Rennes is a city in northwestern France located in the east of Brittany at the junction of the Ille and the Vilaine rivers. Rennes is the capital of both the Brittany region and the Ille-et-Vilaine department.
Rennes’ history dates back more than 2,000 years, when it was known as Condate, a little Gallic settlement. It was one of the principal cities of the medieval province of Brittany and the historical Duchy of Brittany, together with Vannes and Nantes. Rennes was a legislative, administrative, and garrison city of the Kingdom of France throughout the majority of its existence after the French Revolution.
Rennes has increased in prominence since the 1950s as a result of rural flight and contemporary industrial expansion, primarily in the automobile industry. The city had enormous construction plans to house up to 200,000 people. Rennes became one of the major centers in the telecommunications and high technology industries throughout the 1980s. It is currently a major digital innovation hub in France.
In 2015, the city was ranked ninth in France, with a metropolitan population of around 700,000 people. It is also France’s eighth-largest university campus, with over 63,000 students in 2013. Rennes residents are known as Rennais, or Rennaise in French. Rennes was rated “the most liveable city in France” by l’Express in 2012.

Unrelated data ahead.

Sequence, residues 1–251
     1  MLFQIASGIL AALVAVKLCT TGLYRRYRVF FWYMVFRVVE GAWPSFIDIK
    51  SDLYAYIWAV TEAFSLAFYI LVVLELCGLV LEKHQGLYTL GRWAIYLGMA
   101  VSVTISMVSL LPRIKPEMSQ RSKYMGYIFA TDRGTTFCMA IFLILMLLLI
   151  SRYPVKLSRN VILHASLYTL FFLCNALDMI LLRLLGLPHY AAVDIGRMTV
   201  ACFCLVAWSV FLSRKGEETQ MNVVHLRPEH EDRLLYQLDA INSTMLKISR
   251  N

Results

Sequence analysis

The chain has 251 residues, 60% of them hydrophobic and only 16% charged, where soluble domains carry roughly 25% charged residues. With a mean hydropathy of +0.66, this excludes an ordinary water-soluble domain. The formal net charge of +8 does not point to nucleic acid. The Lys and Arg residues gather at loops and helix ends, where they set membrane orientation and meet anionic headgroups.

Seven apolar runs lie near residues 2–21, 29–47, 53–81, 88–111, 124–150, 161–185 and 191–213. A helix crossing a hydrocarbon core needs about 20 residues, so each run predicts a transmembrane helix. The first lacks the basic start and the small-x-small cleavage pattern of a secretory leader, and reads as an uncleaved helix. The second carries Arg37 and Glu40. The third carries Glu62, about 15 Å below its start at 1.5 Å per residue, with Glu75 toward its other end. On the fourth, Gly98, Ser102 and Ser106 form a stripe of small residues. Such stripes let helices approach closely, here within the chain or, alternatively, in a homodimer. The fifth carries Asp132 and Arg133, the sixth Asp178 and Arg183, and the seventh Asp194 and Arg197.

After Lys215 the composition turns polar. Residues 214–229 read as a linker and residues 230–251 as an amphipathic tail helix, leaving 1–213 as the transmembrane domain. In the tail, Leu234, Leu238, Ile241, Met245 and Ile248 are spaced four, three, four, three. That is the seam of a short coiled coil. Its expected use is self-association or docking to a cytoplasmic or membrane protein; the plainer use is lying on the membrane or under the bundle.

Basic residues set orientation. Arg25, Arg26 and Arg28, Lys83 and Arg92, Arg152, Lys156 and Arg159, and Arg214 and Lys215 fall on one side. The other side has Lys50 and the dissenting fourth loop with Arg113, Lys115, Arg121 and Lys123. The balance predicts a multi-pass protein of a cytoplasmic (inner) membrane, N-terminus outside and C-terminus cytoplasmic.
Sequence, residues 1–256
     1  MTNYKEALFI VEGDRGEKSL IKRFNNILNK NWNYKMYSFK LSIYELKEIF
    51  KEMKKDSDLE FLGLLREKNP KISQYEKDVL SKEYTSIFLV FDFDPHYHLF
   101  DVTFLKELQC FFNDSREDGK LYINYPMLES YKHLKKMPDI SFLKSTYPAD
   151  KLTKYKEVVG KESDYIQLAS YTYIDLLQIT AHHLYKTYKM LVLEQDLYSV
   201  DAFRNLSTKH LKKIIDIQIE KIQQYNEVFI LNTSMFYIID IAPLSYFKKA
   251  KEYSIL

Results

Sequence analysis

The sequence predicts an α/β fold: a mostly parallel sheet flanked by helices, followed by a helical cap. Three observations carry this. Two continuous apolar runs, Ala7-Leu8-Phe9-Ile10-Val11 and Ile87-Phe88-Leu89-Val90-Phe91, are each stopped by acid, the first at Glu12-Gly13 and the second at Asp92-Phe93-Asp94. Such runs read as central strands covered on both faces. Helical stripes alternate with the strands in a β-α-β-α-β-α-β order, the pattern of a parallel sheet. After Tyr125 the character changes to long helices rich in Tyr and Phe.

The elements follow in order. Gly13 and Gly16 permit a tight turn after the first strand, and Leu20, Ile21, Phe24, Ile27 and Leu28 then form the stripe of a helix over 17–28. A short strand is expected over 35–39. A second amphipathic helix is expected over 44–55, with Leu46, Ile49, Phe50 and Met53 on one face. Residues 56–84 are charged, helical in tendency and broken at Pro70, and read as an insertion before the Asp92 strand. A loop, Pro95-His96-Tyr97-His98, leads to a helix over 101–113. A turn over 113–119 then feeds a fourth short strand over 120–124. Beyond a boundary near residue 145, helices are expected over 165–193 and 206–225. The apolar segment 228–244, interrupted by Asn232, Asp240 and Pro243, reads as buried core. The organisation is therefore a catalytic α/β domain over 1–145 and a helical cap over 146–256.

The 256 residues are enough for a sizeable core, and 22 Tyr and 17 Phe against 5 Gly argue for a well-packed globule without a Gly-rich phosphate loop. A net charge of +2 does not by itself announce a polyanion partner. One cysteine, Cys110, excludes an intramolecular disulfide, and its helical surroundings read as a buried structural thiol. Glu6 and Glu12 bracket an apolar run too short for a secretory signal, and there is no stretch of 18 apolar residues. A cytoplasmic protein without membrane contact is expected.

Rennes – Info Card
|TIME ZONE :||• Time zone CET (UTC+1)
• Summer (DST) CEST (UTC+2)
|AREA :||50.39 km2 (19.46 sq mi)|
|ELEVATION :|| 20–74 m (66–243 ft)
(avg. 30 m or 98 ft)
|COORDINATES :||48°06′53″N 1°40′46″W|
|SEX RATIO :||• Male: 48.4%
• Female: 51.6%
|AREA CODE :||2|
|POSTAL CODE :||35238 / 35000, 35200, 35700|
|DIALING CODE :||+33 2|
Tourism in Rennes
Rennes is not often listed in travel publications, but this medium-sized city is definitely worth a visit. It has a population of about 200,000 people, with around 60,000 of them being students. As a result, the town has a thriving nightlife. On both sides of certain streets, such as the Rue Saint Michel, there are just bars. (The locals refer to “Rue Saint Michel” as “la rue de la soif,” which translates as “Street of Thirst.”) A walk along Rue Saint Michel on a Friday or Saturday evening is a fascinating experience. However, if you’re truly in the mood to “faire la fête,” or celebrate or just have fun, the most exciting night on “Rue de la Soif” during the school year would be the “Jeudi Soir,” or Thursday evenings. Jeudi Soir is the night when most pubs are filled to the gills with students. Thursday night out on the town has a lot of memorable and unusual sights.
Rennes is especially lovely in early July, when the “Festival des Tombées de la Nuit” takes place. Its streets are then packed with people enjoying free street entertainment and dining or drinking on the patios of restaurants and cafés.
Rennes used to be almost deserted after the 15th of July, since most of its residents migrated to the shore until the 15th of August. This pattern seems to have ceased in recent years, and Rennes’ terraces and cafés are now buzzing all year.